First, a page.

NMSC is the seventh most common cancer in Singapore accounting for 9.6 per 100,000 cases among men and 8.1 per 100,000 cases among women during 1993 and 1997.[15] Singapore is situated one degree north of the equator and has a population of four million people, comprising 77 percent Chinese, 14 percent Malay, and nine percent a mixture of other races.[5] The age-standardized incidence rate (ASR) of BCC has increased at a rate of 2.8 per year among Asian residents in Singapore between 1968 and 1997.[5] Among females in Singapore, BCC accounts for 4.5 percent of all cancers in Chinese, 3.4 percent in Malays, and 2.5 percent in Asian Indians.[5] BCC incidence rates among the Chinese (Fitzpatrick skin types III–IV) were more than 2.5 times that of the Malays (Fitzpatrick skin types V–VI) and the Asian Indians (Fitzpatrick skin type VI).[16]

Similarly with Caucasians, 70 to 90 percent of BCCs occur on sun-exposed skin in Asians, thus emphasizing that photoprotection should not be ignored, even in more darkly pigmented individuals.[4] Rare BCC sites include nipple, penis, anus, groin, popliteal fossae, ankle, and scalp.[4] Other risk factors include history of radiation, scars, ulcers, arsenic ingestion, immunosuppression, trauma, albinism, and nevus sebaceus.[4] The clinical presentation and histological features of BCC in Asians include characteristics shared from darker-pigmented individuals and Caucasians.[17] Clinically, approximately 75 percent of tumors in one study of Japanese patients showed a brown-to-glossy dark pigmentation.[4] Presence of pigmented BCC may confound clinical differentiation of BCC from other skin lesions, including melanocytic neoplasms. Pigmented BCC represents 50 percent of BCCs in Asians in contrast to six percent in Caucasians.[4] The most common histopathological type of BCC in Asians is the solid (nodular) type similarly seen in Caucasians; however, the incidence of adenoid BCC is relatively higher in Asians and African-Americans compared to Caucasians.[4]

Squamous Cell Carcinoma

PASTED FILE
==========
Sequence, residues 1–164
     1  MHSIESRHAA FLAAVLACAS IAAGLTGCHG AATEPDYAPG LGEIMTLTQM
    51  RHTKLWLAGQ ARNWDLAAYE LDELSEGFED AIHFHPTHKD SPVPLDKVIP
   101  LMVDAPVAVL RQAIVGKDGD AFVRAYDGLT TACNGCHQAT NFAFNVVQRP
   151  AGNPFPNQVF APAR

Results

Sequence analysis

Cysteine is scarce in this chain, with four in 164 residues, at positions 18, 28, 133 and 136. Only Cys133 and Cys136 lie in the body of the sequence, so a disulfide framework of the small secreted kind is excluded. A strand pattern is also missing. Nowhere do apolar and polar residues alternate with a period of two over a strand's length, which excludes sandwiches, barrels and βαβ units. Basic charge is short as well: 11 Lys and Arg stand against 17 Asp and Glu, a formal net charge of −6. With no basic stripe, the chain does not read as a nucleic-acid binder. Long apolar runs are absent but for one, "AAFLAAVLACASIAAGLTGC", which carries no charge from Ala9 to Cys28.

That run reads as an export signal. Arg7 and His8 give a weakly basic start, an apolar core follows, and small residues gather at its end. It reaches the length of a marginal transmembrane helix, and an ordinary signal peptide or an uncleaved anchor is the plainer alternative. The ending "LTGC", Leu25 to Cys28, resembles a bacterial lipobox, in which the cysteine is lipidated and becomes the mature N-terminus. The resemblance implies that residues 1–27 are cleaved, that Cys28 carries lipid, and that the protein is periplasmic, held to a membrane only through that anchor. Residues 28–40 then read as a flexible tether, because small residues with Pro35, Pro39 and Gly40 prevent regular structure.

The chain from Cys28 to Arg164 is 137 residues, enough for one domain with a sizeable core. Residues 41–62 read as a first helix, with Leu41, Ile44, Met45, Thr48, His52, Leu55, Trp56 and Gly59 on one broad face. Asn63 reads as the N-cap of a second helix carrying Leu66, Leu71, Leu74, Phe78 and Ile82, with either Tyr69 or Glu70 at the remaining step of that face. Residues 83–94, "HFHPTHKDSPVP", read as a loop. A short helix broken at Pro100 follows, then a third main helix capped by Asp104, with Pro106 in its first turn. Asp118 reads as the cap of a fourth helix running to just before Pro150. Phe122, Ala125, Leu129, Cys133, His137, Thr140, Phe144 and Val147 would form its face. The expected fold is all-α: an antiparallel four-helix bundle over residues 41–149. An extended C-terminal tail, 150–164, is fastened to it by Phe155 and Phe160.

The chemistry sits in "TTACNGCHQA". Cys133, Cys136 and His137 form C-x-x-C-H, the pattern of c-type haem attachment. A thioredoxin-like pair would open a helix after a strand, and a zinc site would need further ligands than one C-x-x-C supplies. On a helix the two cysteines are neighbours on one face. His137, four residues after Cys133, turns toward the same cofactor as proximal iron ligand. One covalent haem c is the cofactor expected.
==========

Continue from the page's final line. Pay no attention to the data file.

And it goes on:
SCC is the second most common skin cancer in the Chinese and Japanese.[5] SCC in the Chinese was reported to be 2.6 to 2.9 per 100,000 and has decreased 0.9 percent from 1968 to 1997.[3] SCC accounts for 30 percent of all skin cancers in Japan.[4] The male/female ratios for Chinese, Malays, and Asian Indians are 1.5 to 1.9, 1.1 to 6.2, and 0.3 to 0.9, respectively.[5] The annual incidence rates of SCC for Chinese, Malays, and Asian Indians are 2.6, 1.3, and 1.4 per 100,000 persons, respectively.[5] Among males, SCC accounts for 4.3 percent of all cancers in Chinese, 3.1 percent in Malays, and 3.2 percent of cancers in Asian Indians.5 For SCC a small decline of 0.9 percent per year was noted in contrast to the increased rates seen in other countries, such as Australia and Canada.[5] The incidence of SCC has been reported to be 118 per 100,000 in Caucasian residents of Kauai, Hawaii, and 23 per 100,000 in Japanese residents in Kauai, Hawaii.[4] SCC is the most frequent type of malignant tumor arising in scarred skin.[17–20] According to reports, the fraction of scar carcinoma versus non-scar SCC in Japan is reported to be 31.8 and 44.0 percent, versus 1.9 and 2.5 percent in other countries.[21] In addition, the overall prognosis of scar SCC is less favorable compared to non-scar SCC.[21] The rate of recurrence of scar carcinoma was reported to be 2.53 times higher than that of non-scar SCC, with a metastasis rate ranging from 10 to 100 percent, as compared to one percent in non-scar carcinoma.[22,23] Risk factors for the development of SCC in darkly pigmented individuals are chronic scarring and areas of chronic inflammation. These risk factors have been associated with a greater potential for metastasis and are reported to occur in 20 to 40 percent of cases as compared to 1 to 4 percent in sun-induced SCC in Caucasians.[4] SCCs in Asians have a greater tendency to occur in non sun-exposed sites, with a higher potential for metastasis possibly due to advanced disease stage at the time of diagnosis.[3]